It’s not just our natural systems that need to be resilient to climate change – people need to be resilient too. ecoAmerica have looked at what the psychological impacts of climate change are and how we can make sure our communities have the social fabric to combat the mental stress of losing the ecosystems we know and love.
WHY YOU SHOULD TAKE A LOOK
The mental stresses of climate change have so far been overlooked beyond climate expert burnout and criticisms of too many climate disasters in the media desensitising people. However, the stresses of dealing with climate change are a public health concern that needs to be more widely addressed.
Experiencing extreme weather events can change people’s opinion on climate change, however it gets more complicated from people’s worldview and ideology.
Climate impacts are going to make people more vulnerable to social stressors and are heavily dependent on socioeconomic factors. Communities that are already more vulnerable and have less access to health services will be less resilient to climate impacts.
Drought is different to most other climate impacts. Where most disasters happen suddenly and communities come together in the clean up and rebuild, drought is a slow and ever increasing build up of impacts that has long lasting health implications.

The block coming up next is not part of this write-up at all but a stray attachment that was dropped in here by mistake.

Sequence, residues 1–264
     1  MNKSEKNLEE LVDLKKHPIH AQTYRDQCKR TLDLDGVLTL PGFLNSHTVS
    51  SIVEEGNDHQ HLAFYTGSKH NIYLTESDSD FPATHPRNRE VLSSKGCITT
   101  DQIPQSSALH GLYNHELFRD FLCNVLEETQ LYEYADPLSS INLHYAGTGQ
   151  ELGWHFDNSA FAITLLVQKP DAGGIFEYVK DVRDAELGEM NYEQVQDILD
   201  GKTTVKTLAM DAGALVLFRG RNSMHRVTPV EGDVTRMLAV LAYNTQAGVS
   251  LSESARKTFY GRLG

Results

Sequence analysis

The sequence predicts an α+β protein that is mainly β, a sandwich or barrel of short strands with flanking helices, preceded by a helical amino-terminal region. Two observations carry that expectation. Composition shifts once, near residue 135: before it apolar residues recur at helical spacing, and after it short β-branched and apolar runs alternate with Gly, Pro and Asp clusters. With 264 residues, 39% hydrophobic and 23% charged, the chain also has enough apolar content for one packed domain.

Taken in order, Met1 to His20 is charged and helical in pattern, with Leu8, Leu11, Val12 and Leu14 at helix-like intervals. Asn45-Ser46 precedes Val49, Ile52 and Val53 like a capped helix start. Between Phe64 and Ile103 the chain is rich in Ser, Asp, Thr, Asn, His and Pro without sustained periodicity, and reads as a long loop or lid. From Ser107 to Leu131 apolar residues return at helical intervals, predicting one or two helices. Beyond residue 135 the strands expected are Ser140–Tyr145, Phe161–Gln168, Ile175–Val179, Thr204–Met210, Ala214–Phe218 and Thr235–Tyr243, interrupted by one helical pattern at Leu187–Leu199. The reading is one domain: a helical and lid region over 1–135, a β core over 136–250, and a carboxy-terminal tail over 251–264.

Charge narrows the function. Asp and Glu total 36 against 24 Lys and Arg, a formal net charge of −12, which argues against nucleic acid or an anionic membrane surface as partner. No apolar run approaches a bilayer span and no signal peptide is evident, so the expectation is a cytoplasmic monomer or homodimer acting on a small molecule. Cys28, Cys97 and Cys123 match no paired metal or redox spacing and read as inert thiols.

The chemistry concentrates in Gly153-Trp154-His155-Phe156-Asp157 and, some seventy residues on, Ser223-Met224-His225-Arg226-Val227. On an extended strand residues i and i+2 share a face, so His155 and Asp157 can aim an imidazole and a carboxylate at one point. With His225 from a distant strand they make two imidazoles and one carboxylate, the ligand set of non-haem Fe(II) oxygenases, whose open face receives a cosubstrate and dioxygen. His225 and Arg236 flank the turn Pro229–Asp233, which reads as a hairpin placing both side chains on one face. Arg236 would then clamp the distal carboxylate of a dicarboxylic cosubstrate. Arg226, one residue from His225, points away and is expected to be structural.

Climate impacts on mental health include trauma, shock, anxiety, depression, grief, PTSD, relationship strain, substance abuse, and a sense of loss and lack of control.
Climate impacts on physical health include severe physical trauma, death, broken bones and cuts, disease, reduced access to health care, increased exposure to pests and toxins, allergies, asthma, impaired fetal development and changes in general fitness as climate impacts change daily routines.
Social impacts of climate include loss of community cohesion, loss of sense of belonging, increased violence and crime, increased social instability and increased interpersonal aggression and domestic violence.
Things you can do to reduce the stress of dealing with climate are:
- Give people confidence we can prepare for and mitigate climate change
- Communicate solutions
- Highlight the co-benefits of acting on climate
- Acknowledge the normality of emotions around climate
- Use personal stories to connect
- Be careful with too many disaster images causing a sense of hopelessness
- Focus on local impacts
- Emphasise the power of collective action
- Help people interpret their experiences
- Connect the dots from impacts to solutions
image: Clint McMahon via cc, Flickr